Saturday, April 15, 2017

ARTSPEAK! Portraits poem "When Papa Paints"

Hello and Happy National Poetry Month! Here it is, day 15 of ARTSPEAK!: Portraits, my National Poetry Month poem-a-day project, during which I am looking, listening with my spirit ear, and asking these subject to share with me their secrets.

But first: Be sure to check in with Brenda at Friendly Fairy Tales to see how our Progressive Poem is progressing!

Here are the ARTSPEAK! Portraits poems so far:

14. "Whistler's Mother" after Arrangement in Grey and Black, No. 1 by James McNeill Whistler
13. "In the Company of Kittens" after Contentment 1900 by Henriette Ronner-Knip
12. "Sixteen" after Jeanne Hubuturne-1919 by Amedeo Modigliani
11. "Promise" after Portrait of a Little Italian Girl by Maria Kroyer
10. "Portrait of a Writer" after Oskar Maria Graf by Georg Schrimpf
9. "Speaking of the Weather" after Profile of a Woman by Fujishima Takeji
8. "Happiness" after Self-Portrait with Straw Hat by Elisabeth Vigee le Brun
7. "Virginia, Sitting for a Portrait" after Portrait of Virginia (Little Girl) by Frida Kahlo
6. "Paint-by-Number" after Portrait of a Woman by Alexei von Jawlensky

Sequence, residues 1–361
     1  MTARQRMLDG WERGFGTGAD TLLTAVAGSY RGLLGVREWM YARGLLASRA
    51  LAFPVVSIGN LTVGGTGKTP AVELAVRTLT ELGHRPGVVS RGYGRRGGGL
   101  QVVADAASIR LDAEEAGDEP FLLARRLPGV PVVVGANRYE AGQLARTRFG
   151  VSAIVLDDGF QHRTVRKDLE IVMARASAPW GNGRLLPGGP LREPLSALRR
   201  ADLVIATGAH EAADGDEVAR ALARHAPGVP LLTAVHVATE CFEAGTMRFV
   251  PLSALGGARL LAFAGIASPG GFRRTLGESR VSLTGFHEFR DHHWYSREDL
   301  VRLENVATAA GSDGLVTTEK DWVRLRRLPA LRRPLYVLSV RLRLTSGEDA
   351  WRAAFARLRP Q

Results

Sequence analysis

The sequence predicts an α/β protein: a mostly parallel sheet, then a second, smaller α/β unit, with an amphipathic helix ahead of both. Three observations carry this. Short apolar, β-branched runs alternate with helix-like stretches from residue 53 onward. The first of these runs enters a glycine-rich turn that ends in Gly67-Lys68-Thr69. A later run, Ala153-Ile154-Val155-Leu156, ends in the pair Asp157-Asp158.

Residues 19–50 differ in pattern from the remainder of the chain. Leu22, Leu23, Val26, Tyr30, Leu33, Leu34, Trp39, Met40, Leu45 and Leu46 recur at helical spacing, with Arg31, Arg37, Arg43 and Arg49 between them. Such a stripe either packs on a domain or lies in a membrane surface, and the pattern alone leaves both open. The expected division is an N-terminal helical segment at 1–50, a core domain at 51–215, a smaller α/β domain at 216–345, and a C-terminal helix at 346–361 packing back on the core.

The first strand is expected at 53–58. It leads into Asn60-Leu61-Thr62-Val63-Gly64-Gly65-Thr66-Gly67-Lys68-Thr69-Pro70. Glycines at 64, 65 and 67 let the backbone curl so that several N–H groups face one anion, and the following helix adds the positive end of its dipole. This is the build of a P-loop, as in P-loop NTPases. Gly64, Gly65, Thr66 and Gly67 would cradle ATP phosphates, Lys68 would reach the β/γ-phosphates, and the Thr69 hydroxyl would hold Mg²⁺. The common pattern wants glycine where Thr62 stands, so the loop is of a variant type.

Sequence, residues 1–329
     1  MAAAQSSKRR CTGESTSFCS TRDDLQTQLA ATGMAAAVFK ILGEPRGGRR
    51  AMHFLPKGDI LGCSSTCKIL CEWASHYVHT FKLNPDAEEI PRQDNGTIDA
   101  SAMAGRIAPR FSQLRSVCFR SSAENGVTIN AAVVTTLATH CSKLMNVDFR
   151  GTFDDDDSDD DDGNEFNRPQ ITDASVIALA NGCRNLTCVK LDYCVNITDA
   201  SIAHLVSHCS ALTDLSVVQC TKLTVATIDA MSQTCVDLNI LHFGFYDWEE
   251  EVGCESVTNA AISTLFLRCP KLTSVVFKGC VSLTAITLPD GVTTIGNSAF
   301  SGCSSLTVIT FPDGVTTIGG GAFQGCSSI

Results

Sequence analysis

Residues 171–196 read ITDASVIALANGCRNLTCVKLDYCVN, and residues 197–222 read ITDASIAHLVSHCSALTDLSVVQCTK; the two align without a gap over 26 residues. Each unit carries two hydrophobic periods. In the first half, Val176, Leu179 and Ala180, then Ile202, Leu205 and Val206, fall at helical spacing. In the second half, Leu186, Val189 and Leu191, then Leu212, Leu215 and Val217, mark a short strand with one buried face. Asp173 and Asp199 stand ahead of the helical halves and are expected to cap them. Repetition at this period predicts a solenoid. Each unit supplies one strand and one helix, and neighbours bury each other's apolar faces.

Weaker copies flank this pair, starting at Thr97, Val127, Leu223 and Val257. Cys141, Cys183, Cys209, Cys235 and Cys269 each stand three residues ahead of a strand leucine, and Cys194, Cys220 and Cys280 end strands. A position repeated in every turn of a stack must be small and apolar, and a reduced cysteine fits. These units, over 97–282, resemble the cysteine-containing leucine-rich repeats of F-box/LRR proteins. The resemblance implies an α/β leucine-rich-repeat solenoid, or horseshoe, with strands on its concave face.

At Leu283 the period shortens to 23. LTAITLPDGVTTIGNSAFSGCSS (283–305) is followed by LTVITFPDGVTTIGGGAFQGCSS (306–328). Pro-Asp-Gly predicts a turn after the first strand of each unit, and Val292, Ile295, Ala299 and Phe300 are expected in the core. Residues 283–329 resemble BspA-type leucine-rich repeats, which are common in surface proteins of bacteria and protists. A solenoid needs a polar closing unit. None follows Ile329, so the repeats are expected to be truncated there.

4. "I Am" after The White Cloud, Head Chief of the Iowas by George Catlin
3. "What If?" after Portrait of Camille Roulin by Vincent van Gogh
2. "The Lady Confesses" after Portrait of a Lady with Mask and Cherries by Benjamin Wilson
1. "Mona Lisa in Love" after Mona Lisa by Leonardo da Vinci

Today I've selected a little girl -- who gave me all sorts of trouble! Finally, after HOURS, she decided to speak. Here's what she told me:


When Papa Paints
- after "Portrait of Anne" by George Wesley Bellows

I am no longer 
     just me
I become 
     a white boat
  with a bluebird
                sail
-->
    aswirl on 
      a summer sea.

- Irene Latham
--------------------
Readers, I struggled with this poem! Anne was George Wesley Bellows' eldest daughter. When I did a little research, I found out that he would pay his children 25 cents an hour to sit for him. So I tried writing a poem that was a list of the things Anne wanted to buy with her quarter -- which meant doing some research into 1915 toy and candy prices. But I just couldn't make it work. I stepped away from it and came back with my imaginative eye, and that's how I landed where I landed. Thanks so much for reading!

3 comments:

  1. So glad you stepped away and let your imaginative eye take the lead. This is exquisite. Love the sounds of "...aswirl on a summer sea."

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  2. So pretty, Irene, and don't you imagine she feels just that way too?

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  3. Love. Love. Love. Love. Love. Love. She is right. She is a boat with a bluebird sail. Love. xo

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